Monday, December 8, 2008

gift guide, part 2B

In considering gifts and companies to list, I used the following criteria, which I altered and expanded from a list by Alicia Daniel found in the Nov/Dec 2003 issue of Mothering Magazine. The article was No More Junk Toys: Rethinking Children's Gifts by Judith L. Rubin.

Will this eventually turn into dirt -- i.e., could I compost it?

This is really a question about natural materials. You can't compost rocks, but they make a great gift! No, that wasn't a joke! Just tonight we were playing with some beautiful, smooth, flat rocks that my brother brought the boys several years ago from the coast of France. Those rocks sit in a wooden bowl in our living room most of the time, but they can be stacked G0ldsworthy style, or used for any number of other things. Tonight we didn't have any nuts or candies to play dreidel with, so we used the rocks instead. It was lovely and satisfying to slide them in and out of the "pot" in the middle.

As you are considering this question, think Beavis and Butthead: Bread, good. Clay, good. Some wood, good. Metal, okay. Plastic, bad.

If not, does it reuse or recycle something that would otherwise go straight to landfill?

I know some people have issues with used gifts -- I'm not one of them, especially if you find something that was really nice quality to begin with and is still in great shape. This probably works best when getting gifts for younger kids and teens or adults who share your values. I've never seen a 3-year-old turn up his nose at wooden blocks simply because they were "preowned," and one year I gave my siblings and parents all books from the library book sale. There may be some older children/younger adolescents who will reject a used gift, but if you find just the right thing, even they may not care.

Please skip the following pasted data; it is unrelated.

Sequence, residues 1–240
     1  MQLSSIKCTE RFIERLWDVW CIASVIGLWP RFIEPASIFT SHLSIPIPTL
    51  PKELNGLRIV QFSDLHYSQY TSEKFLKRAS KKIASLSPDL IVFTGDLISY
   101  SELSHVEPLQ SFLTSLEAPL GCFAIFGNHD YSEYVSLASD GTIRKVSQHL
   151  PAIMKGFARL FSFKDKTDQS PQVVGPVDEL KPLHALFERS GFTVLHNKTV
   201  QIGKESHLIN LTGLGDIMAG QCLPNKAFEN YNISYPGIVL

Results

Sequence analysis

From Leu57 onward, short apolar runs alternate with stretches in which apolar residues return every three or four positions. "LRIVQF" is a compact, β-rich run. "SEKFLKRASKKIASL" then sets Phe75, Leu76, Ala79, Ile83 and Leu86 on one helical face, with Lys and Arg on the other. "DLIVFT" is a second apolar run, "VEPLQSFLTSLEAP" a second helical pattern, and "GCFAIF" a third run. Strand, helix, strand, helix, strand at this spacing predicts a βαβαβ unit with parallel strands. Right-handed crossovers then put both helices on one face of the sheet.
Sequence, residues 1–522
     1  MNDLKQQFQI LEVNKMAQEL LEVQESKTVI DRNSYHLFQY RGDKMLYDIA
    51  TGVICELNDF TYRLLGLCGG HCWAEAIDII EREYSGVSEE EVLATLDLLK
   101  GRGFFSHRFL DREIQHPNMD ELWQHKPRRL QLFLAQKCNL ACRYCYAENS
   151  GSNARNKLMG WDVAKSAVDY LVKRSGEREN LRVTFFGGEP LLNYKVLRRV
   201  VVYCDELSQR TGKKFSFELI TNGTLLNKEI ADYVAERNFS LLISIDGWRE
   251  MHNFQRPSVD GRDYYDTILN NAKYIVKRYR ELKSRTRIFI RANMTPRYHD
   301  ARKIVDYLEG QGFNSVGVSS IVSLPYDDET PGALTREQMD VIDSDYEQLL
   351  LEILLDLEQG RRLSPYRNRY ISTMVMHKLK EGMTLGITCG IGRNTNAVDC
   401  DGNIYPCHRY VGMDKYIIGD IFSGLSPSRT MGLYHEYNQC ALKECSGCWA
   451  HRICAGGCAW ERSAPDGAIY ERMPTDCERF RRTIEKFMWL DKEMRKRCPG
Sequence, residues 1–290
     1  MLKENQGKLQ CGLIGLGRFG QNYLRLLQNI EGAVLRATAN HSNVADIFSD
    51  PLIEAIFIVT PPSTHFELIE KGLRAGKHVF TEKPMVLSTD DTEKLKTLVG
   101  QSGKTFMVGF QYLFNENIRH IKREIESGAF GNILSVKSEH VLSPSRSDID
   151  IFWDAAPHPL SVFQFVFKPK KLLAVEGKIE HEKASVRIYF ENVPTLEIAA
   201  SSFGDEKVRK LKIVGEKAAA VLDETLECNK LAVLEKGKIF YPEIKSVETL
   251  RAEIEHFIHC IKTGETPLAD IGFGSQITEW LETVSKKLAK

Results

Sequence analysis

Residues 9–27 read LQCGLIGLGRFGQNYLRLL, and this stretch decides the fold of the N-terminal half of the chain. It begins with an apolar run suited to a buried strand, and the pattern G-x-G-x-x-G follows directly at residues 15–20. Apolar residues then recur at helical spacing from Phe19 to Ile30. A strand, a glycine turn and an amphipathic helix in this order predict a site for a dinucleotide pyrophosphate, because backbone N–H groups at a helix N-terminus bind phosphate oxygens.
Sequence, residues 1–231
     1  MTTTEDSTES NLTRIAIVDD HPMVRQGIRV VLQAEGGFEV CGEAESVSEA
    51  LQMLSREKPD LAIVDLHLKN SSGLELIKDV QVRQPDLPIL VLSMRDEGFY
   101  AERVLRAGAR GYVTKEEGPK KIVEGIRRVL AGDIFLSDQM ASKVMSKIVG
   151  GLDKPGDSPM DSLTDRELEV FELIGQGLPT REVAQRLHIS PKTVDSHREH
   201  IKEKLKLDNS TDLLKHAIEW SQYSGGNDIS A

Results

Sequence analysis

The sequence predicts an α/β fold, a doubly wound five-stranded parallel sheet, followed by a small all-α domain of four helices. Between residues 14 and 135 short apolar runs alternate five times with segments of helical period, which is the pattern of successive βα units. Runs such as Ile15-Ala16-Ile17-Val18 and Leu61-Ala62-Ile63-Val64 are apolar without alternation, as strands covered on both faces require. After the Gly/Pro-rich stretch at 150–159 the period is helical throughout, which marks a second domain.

What are the hidden environmental costs of the production, transportation, and disposal of this gift?

When we buy cheap plastic toys from overseas, we are not paying the true cost of the poisonous, oil-dependent manufacturing processes, the plastic packaging that may well end up in the Pacific, the trees that were cut down to make the cardboard packaging, and the cost in global warming from transporting these "cheap" goods from the poorly regulated factories to the store. We also aren't paying for the cost to our bodies from living with them, or the cost to the environment that comes when we try to throw them away.

Do I know who made this? Are they well-paid and well-treated? To whom is my money going? Is the CEO of the company getting rich while workers are starving?

Rubin's article has some frightening information about this topic, as well.

Is this gift beautiful?

Beautiful doesn't always mean perfect, it can mean the grace of something made by human hands. In fact, many of the gifts in this guide can be made by your hands! I know you're busy, and maybe you don't think of yourself as crafty, and that sometimes handmade gifts seem like they're just, um, useless or lame, but these ideas are so jammin' and easy that I hope you'll try at least some of them.

Will this gift capture the imagination? If it's a toy, can it be used in many ways, or is it self-limiting? Will it foster the child's natural inclinations? Will it help him more fully engage in life? Does it help her reach her goals?

So often, the best toys are ones that don't represent any one thing -- ropes, sticks, playsilks, those rocks I just told you about...

1 comment:

Julia Schopick said...

Hi, Seppie:

I just found your blog, and admire the fact that you are so dedicated to being kind to the environment.

I see that you plan to stop using disposable menstrual products. With this in mind, you might like to take a look at -- and possibly blog about -- how many disposable menstrual products an average woman uses, as well as the actual amount of WASTE these products produce over a several-month and several-year period. (manufacturer of The Keeper reusable latex rubber menstrual cup) has just posted a a Comparison Photo Page (See ), which shows -- in pictures -- exactly HOW MUCH WASTE a woman who uses tampons creates in one month, one year, ten years and 40 years. (The average woman menstruates for forty years!)

I think you will agree with me that these photos are worth at least A THOUSAND WORDS, because frankly, I don’t think that women who use disposable menstrual products -- which is, unfortunately, MOST women -- actually like to think about the lifetime accumulation of waste they are foisting on our environment. This visual provides actual proof of the huge amount of environmental waste we women create, in this small area alone.

Julia Schopick
Marketing Director
The Keeper, Inc.